- The Washington Times - Thursday, November 2, 2000

The Senate yesterday unanimously signed off on a replacement for an export-tax law that had run afoul of the rules of the World Trade Organization (WTO).
But the legislation is now stalled in the House because senior Republicans are deadlocked over how to move the bill, which attempts to defuse an explosive trans-Atlantic trade dispute in time for a WTO-imposed deadline that passed yesterday.
The Senate passed the change unanimously, to the great relief of ardent free traders who pointed out that the European Union (EU) would have the right to impose retaliatory trade sanctions if the current law stood unchanged.
"It had the potential for a ruinous trade war," said Sen. Daniel Patrick Moynihan, New York Democrat. "We [in the Senate] have just dodged a big bullet."
But the measure, which lowers taxes on income from exports, also has been incorporated into a broader $240 billion tax bill that the House has approved, is delayed in the Senate and President Clinton has said he will veto. The threat has infuriated Republicans and made it likely that Congress will wrap up its work in a post-election lame-duck session.
House Majority Leader Dick Armey, Texas Republican, said that Republicans want action on the entire tax bill, rather than pieces of it, despite the international implications of inaction.
"The House has spoken on taxes," Mr. Armey said. "We think it's good work, and we think it ought to be signed."
But House Ways and Means Committee Chairman Bill Archer argued that acrimony between the White House and Congress over tax policy should not stand in the way of efforts to head off a damaging trade conflict.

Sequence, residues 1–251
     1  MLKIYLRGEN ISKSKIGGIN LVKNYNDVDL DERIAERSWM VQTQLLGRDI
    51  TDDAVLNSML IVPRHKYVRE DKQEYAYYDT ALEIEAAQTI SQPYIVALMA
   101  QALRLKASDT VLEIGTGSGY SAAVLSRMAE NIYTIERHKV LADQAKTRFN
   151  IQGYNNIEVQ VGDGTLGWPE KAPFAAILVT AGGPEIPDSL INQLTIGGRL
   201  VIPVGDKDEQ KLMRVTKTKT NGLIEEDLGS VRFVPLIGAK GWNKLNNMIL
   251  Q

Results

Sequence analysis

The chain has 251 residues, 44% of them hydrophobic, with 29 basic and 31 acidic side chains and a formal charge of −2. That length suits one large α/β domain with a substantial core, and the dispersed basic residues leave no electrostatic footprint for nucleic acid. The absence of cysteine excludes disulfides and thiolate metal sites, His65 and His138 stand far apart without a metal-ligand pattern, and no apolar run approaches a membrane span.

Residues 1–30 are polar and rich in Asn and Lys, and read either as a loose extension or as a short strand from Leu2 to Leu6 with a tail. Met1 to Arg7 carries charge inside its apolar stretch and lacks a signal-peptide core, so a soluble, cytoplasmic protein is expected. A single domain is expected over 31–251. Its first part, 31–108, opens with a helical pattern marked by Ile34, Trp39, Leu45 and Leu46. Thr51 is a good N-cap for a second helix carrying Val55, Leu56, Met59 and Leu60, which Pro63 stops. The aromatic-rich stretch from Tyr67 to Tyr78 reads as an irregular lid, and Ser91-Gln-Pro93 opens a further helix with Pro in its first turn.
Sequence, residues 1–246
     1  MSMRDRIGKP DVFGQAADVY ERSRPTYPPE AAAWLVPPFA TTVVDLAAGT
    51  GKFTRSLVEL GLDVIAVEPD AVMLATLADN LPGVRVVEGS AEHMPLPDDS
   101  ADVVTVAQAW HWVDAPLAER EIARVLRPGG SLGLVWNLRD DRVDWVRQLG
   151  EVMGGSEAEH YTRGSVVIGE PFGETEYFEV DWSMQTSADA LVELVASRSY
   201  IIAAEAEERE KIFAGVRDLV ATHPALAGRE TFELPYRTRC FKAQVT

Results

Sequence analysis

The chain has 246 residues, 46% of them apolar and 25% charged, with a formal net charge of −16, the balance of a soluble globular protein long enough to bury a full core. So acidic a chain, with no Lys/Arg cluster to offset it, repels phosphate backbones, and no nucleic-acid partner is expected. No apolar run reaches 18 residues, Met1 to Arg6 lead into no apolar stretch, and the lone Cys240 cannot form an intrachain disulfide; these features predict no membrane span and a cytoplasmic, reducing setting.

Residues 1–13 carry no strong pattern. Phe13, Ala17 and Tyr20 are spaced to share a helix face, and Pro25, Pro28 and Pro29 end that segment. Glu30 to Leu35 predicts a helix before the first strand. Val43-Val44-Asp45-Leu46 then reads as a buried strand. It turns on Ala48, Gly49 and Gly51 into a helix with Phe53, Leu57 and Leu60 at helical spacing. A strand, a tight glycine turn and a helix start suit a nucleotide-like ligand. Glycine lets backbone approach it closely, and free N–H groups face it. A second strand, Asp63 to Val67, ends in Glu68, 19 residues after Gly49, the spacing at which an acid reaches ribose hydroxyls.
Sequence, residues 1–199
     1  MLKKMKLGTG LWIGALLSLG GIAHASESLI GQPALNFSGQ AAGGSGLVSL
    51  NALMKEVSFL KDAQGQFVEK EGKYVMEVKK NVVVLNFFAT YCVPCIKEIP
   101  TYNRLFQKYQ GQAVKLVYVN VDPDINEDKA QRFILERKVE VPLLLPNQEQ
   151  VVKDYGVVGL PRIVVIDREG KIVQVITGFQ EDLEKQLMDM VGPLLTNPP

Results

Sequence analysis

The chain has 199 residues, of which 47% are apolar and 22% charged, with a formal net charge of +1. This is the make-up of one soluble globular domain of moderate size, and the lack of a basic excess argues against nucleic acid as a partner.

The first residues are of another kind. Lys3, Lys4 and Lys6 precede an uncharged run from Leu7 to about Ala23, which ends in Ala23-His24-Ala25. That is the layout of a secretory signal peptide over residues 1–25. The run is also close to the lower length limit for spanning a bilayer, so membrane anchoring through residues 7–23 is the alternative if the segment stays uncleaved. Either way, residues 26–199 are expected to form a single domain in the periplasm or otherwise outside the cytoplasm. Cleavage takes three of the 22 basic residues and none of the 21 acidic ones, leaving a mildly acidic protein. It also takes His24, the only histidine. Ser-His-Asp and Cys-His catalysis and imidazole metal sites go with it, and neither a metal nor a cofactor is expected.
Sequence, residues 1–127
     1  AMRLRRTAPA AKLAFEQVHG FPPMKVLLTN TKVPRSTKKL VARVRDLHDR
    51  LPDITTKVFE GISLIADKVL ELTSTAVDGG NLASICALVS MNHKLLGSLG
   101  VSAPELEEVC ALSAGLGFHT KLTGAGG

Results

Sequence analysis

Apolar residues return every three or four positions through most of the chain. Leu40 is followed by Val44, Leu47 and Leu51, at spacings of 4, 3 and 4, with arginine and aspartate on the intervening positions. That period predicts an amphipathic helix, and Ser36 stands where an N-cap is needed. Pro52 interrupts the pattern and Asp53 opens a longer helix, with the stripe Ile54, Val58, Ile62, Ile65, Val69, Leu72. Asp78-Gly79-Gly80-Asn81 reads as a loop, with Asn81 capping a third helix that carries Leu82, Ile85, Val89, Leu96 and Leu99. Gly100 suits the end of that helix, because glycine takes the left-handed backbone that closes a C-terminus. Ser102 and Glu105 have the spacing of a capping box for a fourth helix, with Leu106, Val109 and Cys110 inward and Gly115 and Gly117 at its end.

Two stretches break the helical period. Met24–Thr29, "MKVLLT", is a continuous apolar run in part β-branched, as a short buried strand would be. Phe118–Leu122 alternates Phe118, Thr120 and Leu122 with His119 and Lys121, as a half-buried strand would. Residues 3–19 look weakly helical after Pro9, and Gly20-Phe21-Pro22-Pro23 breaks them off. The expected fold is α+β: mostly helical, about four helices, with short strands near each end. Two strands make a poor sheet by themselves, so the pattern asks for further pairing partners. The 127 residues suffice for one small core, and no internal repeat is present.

"We must set aside our differences and focus on this issue so critical to our economy, or we will surely face an unholy trade war," the Texas Republican said.
The new law revamps a tax rule known as the Foreign Sales Corporation (FSC) provision, which allows U.S. corporations to route income from exports through shell companies in tax havens such as the U.S. Virgin Islands and Barbados. The provision saves American exporters, mostly corporate giants such as General Electric, Boeing and Microsoft, $4 billion per year.
But the Geneva-based WTO, at Europe's behest, ruled early this year that the rule is an illegal export subsidy.
The ruling set in motion a timetable that would have forced the United States to change the law by Oct. 1 or face retaliation. U.S. and European officials subsequently hammered out an agreement that extended that deadline to Nov. 1.
But the European Union will wait until later in the month to request the right to retaliate against U.S. exports, giving a bitterly divided Congress a bit more breathing room to pass the new law.
"If there is no legislation, we will go to Geneva and request retaliation," said Willy Helin, spokesman for the EU diplomatic mission in Washington.
House and Senate committees drafted legislation that jigs the FSC rule but will cost the Treasury an additional $1.5 billion over the next five years.
Passage of the bill will at least buy the United States some time. Europe also objects to the new provision and plans to ask for a WTO review of it, a process that could take until next June. But if Congress does not pass the bill, it will move into the retaliation phase immediately.
Senate Majority Leader Trent Lott, Mississippi Republican, had tried to move the FSC bill before, but his efforts foundered on the objections of Democratic senators. Paul Wellstone of Minnesota, Ernest F. Hollings of South Carolina and Richard H. Bryan of Nevada had complained about benefits that the bill conferred on cigarette makers, weapons manufacturers and pharmaceutical companies.
But lobbying by Deputy Treasury Secretary Stuart Eizenstat apparently convinced Democrats to drop their objections.

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